That's not what happened, though. Alou stalked off, cursing and stomping his feet, looking back and glaring at the fan, screaming "motherfucker" and "what the fuck?" The boos began immediately. Steve Lyons on FOX, didn't help matters. When Brennaman pointed out that "that was a Cubs fan who tried to make that catch," Lyons screamed "Why? I'm surprised someone hasn't thrown that fan onto the field." In Wrigley, the Dread had taken over. After Prior threw a wild fastball for ball four, the crowd began chanting "Asshole! Asshole!"
Meanwhile, there sat Bartman.
God, look at him. Within seconds of the walk to Castillo, the FOX cameras found him. You have to weep for him.
He's the only guy sitting down. He still has his headphones on. He is almost certainly listening to WGN Radio broadcasters talking specifically about him. Dread has entered the hearts of everyone in the stadium, people are booing and screaming, Wrigley's freaked out, everything is going wrong. And there he is, sitting back down in his seat, ready to cheer his team back on to victory. His Cubbies are still five outs away from the World Series. That hasn't changed. But the rest of the galaxy has.
He has about four minutes left. In four minutes, the Cubs will have collapsed, and he will be ushered out through the back halls of Wrigley by armed policemen while fans throw beer at him. One fan tries to attack him before being stopped by another Cub fan. They proceed to fight with each other. Bartman, bless his heart, covers his face with his jacket when he notices a camera on him. He wants to put the toothpaste back in the tube. This has all happened so fast. This has happened in four seconds.
For this second, for that moment captured in the screengrab above, Steve Bartman thinks the Cubs can still win the World Series. He doesn't quite realize that his life has forever changed. And if I had to wager a guess, I bet, at that second above, he doesn't actually care. There are runners on first and third, but there's already one out. Ivan Rodriguez hits into double plays all the time. That was quite the little hullabaloo there, hoo boy, but come on, boys, let's get back to business. Just five outs to go. Just five little outs to go.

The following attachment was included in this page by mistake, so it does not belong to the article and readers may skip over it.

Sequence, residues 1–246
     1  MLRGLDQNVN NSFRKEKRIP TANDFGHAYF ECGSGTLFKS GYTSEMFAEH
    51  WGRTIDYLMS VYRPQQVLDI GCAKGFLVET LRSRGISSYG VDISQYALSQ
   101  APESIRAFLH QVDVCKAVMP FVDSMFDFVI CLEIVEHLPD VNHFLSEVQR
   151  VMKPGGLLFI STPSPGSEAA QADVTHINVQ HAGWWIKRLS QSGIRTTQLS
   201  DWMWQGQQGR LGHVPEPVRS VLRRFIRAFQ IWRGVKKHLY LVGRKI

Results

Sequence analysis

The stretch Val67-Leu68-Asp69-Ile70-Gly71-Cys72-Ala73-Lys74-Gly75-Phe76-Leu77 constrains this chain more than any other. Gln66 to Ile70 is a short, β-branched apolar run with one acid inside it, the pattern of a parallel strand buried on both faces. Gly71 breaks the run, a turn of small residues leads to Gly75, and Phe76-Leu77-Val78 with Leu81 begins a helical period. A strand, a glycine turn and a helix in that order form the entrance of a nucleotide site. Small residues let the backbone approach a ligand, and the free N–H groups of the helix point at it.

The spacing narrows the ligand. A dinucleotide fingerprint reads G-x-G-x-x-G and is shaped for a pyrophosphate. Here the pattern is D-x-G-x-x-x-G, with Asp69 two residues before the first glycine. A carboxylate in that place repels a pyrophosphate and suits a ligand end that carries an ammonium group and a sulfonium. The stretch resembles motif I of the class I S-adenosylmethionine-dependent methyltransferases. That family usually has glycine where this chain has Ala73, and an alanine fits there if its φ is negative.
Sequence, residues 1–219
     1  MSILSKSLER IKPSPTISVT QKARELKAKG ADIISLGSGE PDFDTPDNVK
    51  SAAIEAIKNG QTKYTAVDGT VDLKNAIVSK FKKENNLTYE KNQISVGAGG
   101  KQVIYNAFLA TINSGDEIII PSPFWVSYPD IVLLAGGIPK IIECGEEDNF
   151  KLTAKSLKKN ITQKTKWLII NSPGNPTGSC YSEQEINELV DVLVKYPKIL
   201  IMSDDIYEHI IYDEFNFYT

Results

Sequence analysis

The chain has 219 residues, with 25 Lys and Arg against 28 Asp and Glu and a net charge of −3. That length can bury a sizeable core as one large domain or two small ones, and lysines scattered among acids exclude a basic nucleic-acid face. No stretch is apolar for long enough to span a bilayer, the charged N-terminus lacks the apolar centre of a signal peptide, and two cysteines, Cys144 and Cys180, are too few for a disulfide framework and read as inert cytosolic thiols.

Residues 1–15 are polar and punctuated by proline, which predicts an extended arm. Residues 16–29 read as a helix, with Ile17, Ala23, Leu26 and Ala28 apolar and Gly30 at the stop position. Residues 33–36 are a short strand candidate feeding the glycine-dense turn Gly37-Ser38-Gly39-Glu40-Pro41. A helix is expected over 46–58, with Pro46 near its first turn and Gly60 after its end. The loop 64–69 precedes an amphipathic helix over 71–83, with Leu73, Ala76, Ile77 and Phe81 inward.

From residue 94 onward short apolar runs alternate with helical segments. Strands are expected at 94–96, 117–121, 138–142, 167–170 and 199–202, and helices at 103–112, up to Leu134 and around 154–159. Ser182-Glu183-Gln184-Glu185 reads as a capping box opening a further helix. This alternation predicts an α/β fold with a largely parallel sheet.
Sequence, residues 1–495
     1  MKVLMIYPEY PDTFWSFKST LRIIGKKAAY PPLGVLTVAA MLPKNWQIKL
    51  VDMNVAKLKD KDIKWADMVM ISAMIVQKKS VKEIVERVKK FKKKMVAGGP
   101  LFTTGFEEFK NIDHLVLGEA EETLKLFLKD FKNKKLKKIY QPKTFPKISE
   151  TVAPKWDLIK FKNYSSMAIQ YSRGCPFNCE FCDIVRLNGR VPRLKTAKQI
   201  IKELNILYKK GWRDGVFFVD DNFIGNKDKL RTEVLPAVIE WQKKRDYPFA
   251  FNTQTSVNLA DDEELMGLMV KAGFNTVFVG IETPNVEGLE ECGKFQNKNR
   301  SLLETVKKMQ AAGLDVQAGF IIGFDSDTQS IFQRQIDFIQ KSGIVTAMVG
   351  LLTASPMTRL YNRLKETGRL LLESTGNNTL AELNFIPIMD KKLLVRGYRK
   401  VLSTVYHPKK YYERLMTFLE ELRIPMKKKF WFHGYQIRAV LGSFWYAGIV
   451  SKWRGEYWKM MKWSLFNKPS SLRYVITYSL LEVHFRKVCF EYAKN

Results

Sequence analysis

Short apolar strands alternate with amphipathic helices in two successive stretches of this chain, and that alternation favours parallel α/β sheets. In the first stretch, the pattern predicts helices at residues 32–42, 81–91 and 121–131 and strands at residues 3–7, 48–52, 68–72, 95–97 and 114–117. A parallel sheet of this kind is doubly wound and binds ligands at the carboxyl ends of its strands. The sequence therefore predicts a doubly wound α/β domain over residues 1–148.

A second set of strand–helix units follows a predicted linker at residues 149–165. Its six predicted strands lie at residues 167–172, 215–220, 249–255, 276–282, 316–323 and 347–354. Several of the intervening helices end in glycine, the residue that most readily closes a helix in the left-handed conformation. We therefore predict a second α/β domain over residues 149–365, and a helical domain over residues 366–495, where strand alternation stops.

It breaks your heart. It breaks my heart. Because that was me. That was you. That was all of us. Forget about reaching for the ball: Anyone would have done that. No, Steve Bartman is a man who, within seconds of one of the most famous plays in baseball history, a play that directly involved him, straightened up his headphones, dusted himself off and sat back down in his seat to watch the game. The other guys, the ones there for the party, to scream and boo and drink and pick up girls, they're not concerned with the game anymore. They're focused on him, on noise, on sideshow … they're not focused on the game. Why couldn't have one of them touched the ball? They wouldn't have cared: They'd have loved the publicity, I bet.
Not Bartman. He's here for baseball. If the Cubs had acted like Steve Bartman, had they put it behind them and concentrated on the task at hand, they might have won that World Series. They should have followed Bartman's lead. Everyone should have.
But they didn't. The Cubs, clearly panicked, had a big meeting at the mound, allowing the crowd enough time to focus solely on Bartman and not on what they were there for in the first place. And Prior stayed in the game.
About 45 seconds after the above screengrab, FOX showed a Wrigley security guard walking up to Bartman and positively identifying him. He then takes out his CB radio and tells the other guards to come meet him. From three seats over, the man in the gray long-sleeved T-shirt with blue stripes on the arms rushes over to talk to the guard. We can't see what he's saying. But he doesn't seem angry. He is not strangling Bartman. He looks sad, he looks guilty, he looks like he, more than anyone else in the stadium, in the entire viewing world, understands what's happening. He stands over Bartman, his girth protecting him from the camera, his last line of defense, a last-ditch effort to protect him from what he cannot, from what is coming.
Bartman sits there, still. All he could do is try to look around this wide Good Samaritan. He is trying to see the game. This is the most important moment in Chicago Cubs history. He saved up a ton to get these seats. He's been a Cubs fan his whole life. He just wants to see the Cubs make it to the World Series. It's all he's ever wanted. It's all he has.
On a 1-2 pitch, Ivan Rodriguez smashes a hanging curveball into left field for a base hit. On the next pitch, skinny Miguel Cabrera hits an easy groundball to shortstop Alex Gonzalez, who, distracted by Dread, bobbles it. Everyone's safe. The bases are loaded. The die is cast. History is sweeping over. Everyone sees what's happening now. What is on the field is too gruesome to look at. So they look away. They look to Aisle 4, Row 8, Seat 113. They look for Bartman.
But he isn't there. He doesn't see any of this. He has been whisked away, gone.
Bless his heart. Bless his Cubs fan's broken heart.
Adapted from Will Leitch's Are We Winning? Fathers and Sons and the New Golden Age of Baseball.